Arsenios Eznepidis was born on July 25, 1924, to pious parents in the town of Farasa, Cappadocia of Asia Minor, shortly before the population exchange between Greece and Turkey following the Greco-Turkish War of 1919-1922. Arsenios’ name was given to him by St. Arsenios the Cappadocian, who baptized him, named the child for himself, and foretold of Arsenios’ monastic future.
Very shortly after his baptism the young Arsenios and his family were forced to leave Asia Minor in accordance with the Peace Treaty of Lausanne. St. Arsenios guided his flock along a 400-mile trek to Greece. The Eznepidis family finally settled in the town of Konitsa in Epirus in northwestern Greece. As he had prophesied, St. Arsenios reposed forty days after the group settled in Greece, leaving as his spiritual heir, the infant Arsenios. Arsenios grew up in Konitsa and learned carpentry after completing intermediate public school.
During the civil war in Greece following World War II, Arsenios served as a radio operator. While concerned about his compatriots who had a family, he didn’t worry about himself because he was single and had no children. He was noted for his bravery, self-sacrifice, and moral righteousness. After the civil war ended, he wanted to enter a monastic life but had to consider his sisters, who were not yet married. By 1950, he had provided for his sisters’ future and was free to begin his monastic vocation.
He arrived on Mount Athos in 1950, first to Fr. Kyril, the future abbot of Koutloumousiou Monastery, and then to Esphigmenou Monastery. In 1954, Arsenios, having been a novice for four years, was tonsured a monk and was given the name Averkios. He was a conscientious monk, finding ways to both complete his obediences (which required contact with others) and to preserve his silence, so as to progress in the art of prayer.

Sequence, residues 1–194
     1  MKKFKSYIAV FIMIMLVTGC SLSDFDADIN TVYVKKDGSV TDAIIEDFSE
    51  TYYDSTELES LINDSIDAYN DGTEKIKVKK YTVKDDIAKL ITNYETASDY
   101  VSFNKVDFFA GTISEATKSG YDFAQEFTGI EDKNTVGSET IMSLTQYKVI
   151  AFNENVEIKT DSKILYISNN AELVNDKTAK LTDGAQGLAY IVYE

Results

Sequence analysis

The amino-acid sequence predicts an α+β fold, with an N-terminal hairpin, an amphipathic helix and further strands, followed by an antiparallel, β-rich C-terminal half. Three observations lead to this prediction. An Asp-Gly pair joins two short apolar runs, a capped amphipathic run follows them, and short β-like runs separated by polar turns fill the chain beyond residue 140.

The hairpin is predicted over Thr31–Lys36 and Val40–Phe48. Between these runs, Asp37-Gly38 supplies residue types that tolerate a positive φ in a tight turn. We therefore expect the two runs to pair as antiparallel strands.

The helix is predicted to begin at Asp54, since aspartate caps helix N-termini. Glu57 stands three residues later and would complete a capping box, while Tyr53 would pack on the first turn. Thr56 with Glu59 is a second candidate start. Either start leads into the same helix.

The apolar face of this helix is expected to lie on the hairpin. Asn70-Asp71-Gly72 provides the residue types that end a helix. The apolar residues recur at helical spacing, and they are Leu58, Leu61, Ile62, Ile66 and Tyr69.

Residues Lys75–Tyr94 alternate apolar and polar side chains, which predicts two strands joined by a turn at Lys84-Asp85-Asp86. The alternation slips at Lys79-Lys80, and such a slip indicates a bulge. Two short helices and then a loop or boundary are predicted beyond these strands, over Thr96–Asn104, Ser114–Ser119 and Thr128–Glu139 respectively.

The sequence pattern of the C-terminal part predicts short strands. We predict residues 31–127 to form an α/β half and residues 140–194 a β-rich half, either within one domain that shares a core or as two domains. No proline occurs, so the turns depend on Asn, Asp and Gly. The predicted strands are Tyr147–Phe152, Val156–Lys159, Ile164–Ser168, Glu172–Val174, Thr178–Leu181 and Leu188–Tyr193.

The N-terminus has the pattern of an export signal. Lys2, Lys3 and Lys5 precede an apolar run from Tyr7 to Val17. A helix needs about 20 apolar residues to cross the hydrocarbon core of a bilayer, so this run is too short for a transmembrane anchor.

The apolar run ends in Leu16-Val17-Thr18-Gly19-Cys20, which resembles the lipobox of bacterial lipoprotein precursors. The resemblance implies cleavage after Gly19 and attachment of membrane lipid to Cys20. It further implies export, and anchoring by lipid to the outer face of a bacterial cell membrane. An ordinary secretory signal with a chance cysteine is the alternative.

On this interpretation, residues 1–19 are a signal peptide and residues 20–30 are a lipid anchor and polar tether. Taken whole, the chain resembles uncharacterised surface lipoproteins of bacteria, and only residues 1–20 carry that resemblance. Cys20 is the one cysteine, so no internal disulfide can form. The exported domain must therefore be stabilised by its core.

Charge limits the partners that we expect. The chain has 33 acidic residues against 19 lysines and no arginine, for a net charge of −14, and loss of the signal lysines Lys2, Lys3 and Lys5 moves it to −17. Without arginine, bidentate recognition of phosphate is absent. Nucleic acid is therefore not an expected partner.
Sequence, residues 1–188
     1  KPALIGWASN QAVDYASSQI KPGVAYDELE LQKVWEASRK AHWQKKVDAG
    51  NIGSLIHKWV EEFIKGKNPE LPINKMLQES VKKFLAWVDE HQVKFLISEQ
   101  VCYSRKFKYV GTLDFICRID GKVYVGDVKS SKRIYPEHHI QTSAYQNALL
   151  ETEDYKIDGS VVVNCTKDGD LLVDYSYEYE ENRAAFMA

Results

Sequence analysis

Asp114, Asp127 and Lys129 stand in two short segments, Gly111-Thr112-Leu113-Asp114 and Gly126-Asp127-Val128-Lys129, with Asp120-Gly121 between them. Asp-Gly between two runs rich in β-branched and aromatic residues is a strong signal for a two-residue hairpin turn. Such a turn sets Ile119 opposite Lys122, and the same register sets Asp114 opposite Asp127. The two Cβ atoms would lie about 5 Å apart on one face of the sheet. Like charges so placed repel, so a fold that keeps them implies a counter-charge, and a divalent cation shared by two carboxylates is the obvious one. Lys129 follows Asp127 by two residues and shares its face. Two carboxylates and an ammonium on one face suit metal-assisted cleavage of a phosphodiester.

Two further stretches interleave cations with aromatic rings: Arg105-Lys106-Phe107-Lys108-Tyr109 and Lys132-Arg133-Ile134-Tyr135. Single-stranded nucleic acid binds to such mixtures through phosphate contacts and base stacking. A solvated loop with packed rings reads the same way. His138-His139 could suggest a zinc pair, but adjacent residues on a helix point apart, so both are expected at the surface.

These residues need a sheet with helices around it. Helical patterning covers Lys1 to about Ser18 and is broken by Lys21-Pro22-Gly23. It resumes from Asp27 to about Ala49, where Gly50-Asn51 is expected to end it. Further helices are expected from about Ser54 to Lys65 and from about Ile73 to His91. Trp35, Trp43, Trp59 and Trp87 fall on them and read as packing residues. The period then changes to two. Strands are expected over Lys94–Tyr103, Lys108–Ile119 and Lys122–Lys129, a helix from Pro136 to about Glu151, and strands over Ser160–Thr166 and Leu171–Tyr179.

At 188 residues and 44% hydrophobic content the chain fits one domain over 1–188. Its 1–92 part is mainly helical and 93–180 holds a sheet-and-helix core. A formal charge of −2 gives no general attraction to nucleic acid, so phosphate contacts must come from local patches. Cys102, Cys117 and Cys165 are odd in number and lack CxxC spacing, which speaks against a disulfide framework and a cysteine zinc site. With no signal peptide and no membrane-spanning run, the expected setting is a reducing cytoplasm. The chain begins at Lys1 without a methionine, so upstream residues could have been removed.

He was always selfless in helping his brethren. He was unwilling to rest while others worked (though he may have already completed his own obediences) as he loved his brothers greatly and without distinction. In addition to his ascetic struggles and the common life in the monastery, he was spiritually enriched through the reading of soul-profiting books. In particular, he read the lives of the Saints, the Gerontikon, and especially the Ascetical Homilies of St. Isaac the Syrian.
Soon after his tonsure, monk Averkios left Esphigmenou and joined the then idiorhythmic* brotherhood of Philotheou Monastery, where his uncle was a monk. He placed himself under obedience to the Elder Symeon, who gave him the Small Schema in 1956, with the new name Paisios.
Fr. Paisios dwelt deeply on the thought that his own spiritual failures and lack of love were the cause of his neighbor’s shortcomings, as well as of the world’s ills. He harshly accused himself and pushed himself to greater self-denial and more fervent prayer for his soul and for the whole world. He also cultivated the habit of seeking the “good reason” for a potentially scandalous event and for people’s actions. In this way, he preserved himself from judging others.
In 1958, Elder Paisios was asked to spend some time in and around his home village so as to support the faithful against the proselytism** of Protestant groups. He greatly encouraged the faithful there, helping many people. Later, in 1962, he visited Sinai where he stayed for two years. During this time he became beloved by the Bedouins who benefited both spiritually, as well as materially, from his presence. The Elder used the money he received from the sale of his carved wooden handicraft to buy them food.
In 1964, on his return to Mt. Athos, Elder Paisios took up residence at the Skete of Iviron before moving to Katounakia at the southernmost tip of Mt. Athos for a short stay in the desert there. The Elder’s failing health may have been part of the reason for his departure from the desert.
In 1966, a part of his lungs was removed during an operation. It was during this time of hospitalization that his long friendship began with the young sisterhood of St. John the Theologian in Souroti, just outside of Thessaloniki. During his operation he greatly needed blood, and it was then that a group of novices from the monastery donated blood to save him. Elder Paisios was most grateful, and after his recovery, he did whatever he could, materially and spiritually, to help them build their monastery.